City Creek Nature Notes – Salt Lake City

April 15, 2017

April 14th

Filed under: Weather — canopus56 @ 6:24 pm

Sky Wall

2:00 a.m. Under a waning gibbous moon, a towering line of clouds that runs north and south above the canyon reaches for the skies. To the west, clouds still stream in from the coast, but to the east of this sky wall, the air is clear. The sky wall itself moves north at a rapid pace. The cloud wall marks the end of a storm that came through the valley this afternoon and this evening, and although it reached eighty degrees in the afternoon, by seven in the evening, temperatures had dropped thirty degrees preceding by winds of fifty and sixty miles for per hour. The high winds rendered the air full of thick dust. This morning, the north-south cloud wall demarcates an unusual weather feature. The jet stream usually moves east-west across the valley or makes a gentle north-south S-shaped curve across the western United States. Today, a few hundred miles south, it has made a right-angle turn and now moves directly north-south over the canyon. This occurs one or twice a year, and the last that I can remember was last fall. Then the wall was reversed: clouds on the east and clear on the west, but the wall itself was more defined. Then and in this morning’s wall, clouds visibly race northward under the jet stream’s influence. The edges of wind-whipped streamers reflect iridescent moonlight. I finish an early morning walk under broken moonlight.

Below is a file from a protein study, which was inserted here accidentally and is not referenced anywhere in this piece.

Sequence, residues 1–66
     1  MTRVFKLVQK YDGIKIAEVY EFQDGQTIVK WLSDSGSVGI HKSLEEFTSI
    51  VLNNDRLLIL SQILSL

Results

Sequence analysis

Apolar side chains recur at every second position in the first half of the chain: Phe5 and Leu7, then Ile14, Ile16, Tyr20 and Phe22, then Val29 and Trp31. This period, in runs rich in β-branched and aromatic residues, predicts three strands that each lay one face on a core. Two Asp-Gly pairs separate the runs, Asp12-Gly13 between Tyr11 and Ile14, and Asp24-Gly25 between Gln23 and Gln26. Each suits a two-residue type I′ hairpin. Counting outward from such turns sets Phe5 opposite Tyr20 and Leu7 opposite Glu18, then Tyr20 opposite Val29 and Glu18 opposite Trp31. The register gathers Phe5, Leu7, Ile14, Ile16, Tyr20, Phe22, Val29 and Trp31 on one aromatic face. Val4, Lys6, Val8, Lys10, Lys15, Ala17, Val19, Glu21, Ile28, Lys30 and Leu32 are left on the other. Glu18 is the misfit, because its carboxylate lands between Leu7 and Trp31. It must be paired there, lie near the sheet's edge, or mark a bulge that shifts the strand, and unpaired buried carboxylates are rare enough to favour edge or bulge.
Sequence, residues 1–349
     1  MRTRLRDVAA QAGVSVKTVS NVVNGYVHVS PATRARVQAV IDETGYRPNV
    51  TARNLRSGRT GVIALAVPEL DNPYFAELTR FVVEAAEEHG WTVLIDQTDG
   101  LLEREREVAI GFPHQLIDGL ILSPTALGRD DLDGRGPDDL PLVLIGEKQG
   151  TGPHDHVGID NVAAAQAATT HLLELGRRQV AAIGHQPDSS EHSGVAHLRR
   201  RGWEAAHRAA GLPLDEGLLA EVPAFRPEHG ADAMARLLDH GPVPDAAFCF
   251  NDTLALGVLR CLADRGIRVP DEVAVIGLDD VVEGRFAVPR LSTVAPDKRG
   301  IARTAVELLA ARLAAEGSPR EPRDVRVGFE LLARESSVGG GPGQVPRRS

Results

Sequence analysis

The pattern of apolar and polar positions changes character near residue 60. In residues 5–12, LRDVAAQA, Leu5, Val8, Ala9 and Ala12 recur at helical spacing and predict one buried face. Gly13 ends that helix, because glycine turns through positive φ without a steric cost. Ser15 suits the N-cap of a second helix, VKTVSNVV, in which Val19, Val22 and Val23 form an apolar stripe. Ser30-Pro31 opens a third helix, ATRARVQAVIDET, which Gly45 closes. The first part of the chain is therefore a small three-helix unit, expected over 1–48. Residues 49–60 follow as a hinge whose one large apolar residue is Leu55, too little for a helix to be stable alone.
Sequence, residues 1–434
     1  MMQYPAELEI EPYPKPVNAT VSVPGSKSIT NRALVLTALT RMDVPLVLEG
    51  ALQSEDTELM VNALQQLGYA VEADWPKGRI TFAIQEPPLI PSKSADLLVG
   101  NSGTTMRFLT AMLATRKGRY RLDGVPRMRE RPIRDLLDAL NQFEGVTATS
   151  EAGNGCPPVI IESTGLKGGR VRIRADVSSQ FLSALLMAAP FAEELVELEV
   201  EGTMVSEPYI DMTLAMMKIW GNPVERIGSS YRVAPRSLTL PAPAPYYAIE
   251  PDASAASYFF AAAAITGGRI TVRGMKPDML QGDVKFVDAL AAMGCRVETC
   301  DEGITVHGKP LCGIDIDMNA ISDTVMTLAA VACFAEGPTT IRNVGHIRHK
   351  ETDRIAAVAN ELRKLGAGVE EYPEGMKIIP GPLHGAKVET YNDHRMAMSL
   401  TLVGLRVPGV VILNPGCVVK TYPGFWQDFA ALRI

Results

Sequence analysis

* * * *

In 2008, meteorologists Schafer of Lyndon State College and Steenburgh of the University of Utah analyzed 25 years of high-wind storm patterns in the Intermountain West, including along the Wasatch Front Mountain Range and over the canyon (Schafer and Steenburgh 2008). They found 948 strong cold fronts throughout the Intermountain West accompanied by high winds. These typically occur between April and June in the afternoons. In a typical scenario, a high-wind cold-front involves heating of expanses of the open valleys of west with an associated high system. A cold front sweeps in from the northwest, but its progress is stalled by the resistance of the mass of warm air. A north-south jet forms. Next, the cold front air overwhelms the warm air to the south and sweeps through the west and to the City with high winds (id). Another effect of these storms is dust. The high-winds coming from the north and west cross the Great Salt Lake salt desert and its dry lake bed plains to the south west. There the winds gather copious amounts of dust that deposit a thin layer of dust on everything on the valley floor and in the canyon.

* * * *

On April 14th, 2005, a Salt Lake Tribune news outdoors article notes that spring hiking in City Creek often involves muddy trails. On April 14th, 1918, a touring trip up City Creek is described (Salt Lake Herald). On April 14th, 1912, a petition from citizens proposed the creation of a park system for the city, including establishing a park at the canyon’s mouth, now Memory Grove (Salt Lake Tribune). On April 14th, 1904, the City Street Department considered the petition to widen City Creek Canyon Road where it intersects State Street (Salt Lake Telegram). On April 14th, 1898, Arbor Day, University and high school students planted trees at Pleasant Valley in City Creek Canyon (Salt Lake Herald). On April 14th, 1896, a paying gold vein at the Weihe claim was reported (Salt Lake Herald).

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